OHSU

Casey Eye Institute at OHSU, Portland, Oregon

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Presbyopia

hmhlbA type of farsightedness that occurs when the center of the eye's lens hardens, making it more difficult to focus on things close up.

Presbyopia generally begins around age 40 and is part of the eye's natural aging process. It is not a disease and can easily be corrected.

Presbyopia is often confused with farsightedness, but is different. Presbyopia occurs when the eye's lens loses flexibility. Farsightedness is a result of the shape of the eyeball, which causes light rays to bend incorrectly once they have entered the eye.

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Symptoms

  • Blurred vision at a normal reading distance.
  • The need to hold reading material at arm's length.
  • Headaches from doing close work.

Treatment

Presbyopia cannot be cured. Instead, prescription glasses, contact lenses, reading glasses, progressive addition lenses or bifocals can help correct the effects of presbyopia. Bifocals, or eyeglasses with two different prescriptions in one lens, are often prescribed for presbyopia. The main part of the lens contains a prescription for nearsightedness or farsightedness, while the lower portion of the lens holds a stronger prescription to help you see objects up close.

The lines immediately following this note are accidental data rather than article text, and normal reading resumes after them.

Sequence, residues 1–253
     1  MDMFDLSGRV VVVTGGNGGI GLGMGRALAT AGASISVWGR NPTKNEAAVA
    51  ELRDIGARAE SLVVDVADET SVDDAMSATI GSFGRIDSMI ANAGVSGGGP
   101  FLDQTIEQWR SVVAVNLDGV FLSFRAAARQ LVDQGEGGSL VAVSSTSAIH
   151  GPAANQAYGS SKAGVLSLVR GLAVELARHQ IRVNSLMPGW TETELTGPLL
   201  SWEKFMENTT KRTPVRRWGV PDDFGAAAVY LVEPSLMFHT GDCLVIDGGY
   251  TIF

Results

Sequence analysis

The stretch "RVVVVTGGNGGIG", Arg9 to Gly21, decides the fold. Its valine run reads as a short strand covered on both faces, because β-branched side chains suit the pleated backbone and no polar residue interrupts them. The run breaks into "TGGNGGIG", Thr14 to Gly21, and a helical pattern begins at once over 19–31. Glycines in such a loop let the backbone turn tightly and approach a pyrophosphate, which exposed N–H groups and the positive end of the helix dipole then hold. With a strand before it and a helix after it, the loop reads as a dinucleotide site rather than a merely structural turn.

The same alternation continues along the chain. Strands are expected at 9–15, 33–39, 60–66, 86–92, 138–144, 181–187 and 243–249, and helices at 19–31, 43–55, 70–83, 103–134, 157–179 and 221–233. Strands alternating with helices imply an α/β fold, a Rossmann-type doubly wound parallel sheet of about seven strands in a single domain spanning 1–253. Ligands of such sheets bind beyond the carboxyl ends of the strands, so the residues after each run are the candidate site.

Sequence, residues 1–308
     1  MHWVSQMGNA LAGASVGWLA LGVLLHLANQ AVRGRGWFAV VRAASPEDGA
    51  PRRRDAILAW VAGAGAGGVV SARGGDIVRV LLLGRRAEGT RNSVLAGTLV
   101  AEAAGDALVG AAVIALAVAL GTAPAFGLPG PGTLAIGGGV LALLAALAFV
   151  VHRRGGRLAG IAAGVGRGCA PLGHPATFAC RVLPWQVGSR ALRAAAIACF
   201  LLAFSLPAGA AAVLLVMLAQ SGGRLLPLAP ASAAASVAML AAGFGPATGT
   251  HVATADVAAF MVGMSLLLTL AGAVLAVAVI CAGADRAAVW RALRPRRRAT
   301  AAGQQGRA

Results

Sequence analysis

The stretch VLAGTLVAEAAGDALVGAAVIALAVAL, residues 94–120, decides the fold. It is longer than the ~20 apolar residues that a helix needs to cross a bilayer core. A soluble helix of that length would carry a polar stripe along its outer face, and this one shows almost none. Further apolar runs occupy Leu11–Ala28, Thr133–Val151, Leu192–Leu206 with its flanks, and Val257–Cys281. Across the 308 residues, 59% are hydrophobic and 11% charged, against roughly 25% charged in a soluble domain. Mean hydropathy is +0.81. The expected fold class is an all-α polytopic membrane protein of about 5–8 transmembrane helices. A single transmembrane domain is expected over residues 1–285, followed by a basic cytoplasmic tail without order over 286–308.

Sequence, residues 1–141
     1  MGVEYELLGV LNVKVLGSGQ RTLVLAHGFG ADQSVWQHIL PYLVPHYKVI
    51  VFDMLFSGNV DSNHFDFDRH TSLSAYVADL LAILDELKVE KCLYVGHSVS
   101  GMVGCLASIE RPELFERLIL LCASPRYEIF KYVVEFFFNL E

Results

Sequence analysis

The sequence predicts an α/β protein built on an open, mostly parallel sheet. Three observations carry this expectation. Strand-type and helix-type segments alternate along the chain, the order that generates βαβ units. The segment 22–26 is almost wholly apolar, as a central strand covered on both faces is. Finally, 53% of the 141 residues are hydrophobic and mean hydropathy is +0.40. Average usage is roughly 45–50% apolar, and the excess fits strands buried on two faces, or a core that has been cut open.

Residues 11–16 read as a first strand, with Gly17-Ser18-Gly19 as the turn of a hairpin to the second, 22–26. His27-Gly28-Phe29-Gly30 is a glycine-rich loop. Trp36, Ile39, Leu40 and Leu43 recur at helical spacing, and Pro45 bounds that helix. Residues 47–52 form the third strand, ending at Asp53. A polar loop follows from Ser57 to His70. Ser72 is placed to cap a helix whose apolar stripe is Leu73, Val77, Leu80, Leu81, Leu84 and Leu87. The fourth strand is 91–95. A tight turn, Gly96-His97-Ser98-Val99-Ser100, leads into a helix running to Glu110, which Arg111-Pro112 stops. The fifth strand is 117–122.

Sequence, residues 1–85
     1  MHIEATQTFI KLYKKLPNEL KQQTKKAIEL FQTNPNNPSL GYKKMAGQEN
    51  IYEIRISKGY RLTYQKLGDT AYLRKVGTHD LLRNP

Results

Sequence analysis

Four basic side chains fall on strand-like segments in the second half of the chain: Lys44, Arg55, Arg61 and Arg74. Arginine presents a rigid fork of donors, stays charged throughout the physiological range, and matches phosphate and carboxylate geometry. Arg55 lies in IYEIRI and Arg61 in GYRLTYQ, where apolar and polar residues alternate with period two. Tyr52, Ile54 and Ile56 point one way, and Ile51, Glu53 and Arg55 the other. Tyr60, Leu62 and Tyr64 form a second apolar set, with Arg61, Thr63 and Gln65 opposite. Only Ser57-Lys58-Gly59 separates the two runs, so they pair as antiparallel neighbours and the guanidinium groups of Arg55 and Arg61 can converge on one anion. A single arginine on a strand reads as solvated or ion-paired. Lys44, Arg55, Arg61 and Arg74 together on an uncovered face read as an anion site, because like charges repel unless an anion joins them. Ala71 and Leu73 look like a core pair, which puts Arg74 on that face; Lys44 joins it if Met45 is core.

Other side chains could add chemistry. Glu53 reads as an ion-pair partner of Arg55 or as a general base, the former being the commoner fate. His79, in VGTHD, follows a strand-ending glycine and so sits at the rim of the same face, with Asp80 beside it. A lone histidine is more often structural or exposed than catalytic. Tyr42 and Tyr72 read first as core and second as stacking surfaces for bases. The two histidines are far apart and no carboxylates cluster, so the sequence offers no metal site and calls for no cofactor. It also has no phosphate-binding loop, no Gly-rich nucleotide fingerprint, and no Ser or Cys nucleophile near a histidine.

Contact lenses for presbyopia include multifocal lenses, which come in soft or gas permeable versions, and monovision lenses. With monovision, one eye wears a lens for seeing objects at a distance and  the other has a lens that aids in near vision.

Laser refractive surgery to reverse presbyopia is currently being used in Canada and Mexico. However, it is still being investigated in the United States and has not yet been approved by the U.S. Food and Drug Administration (FDA).

Talk to your doctor to find out which treatment is best for you.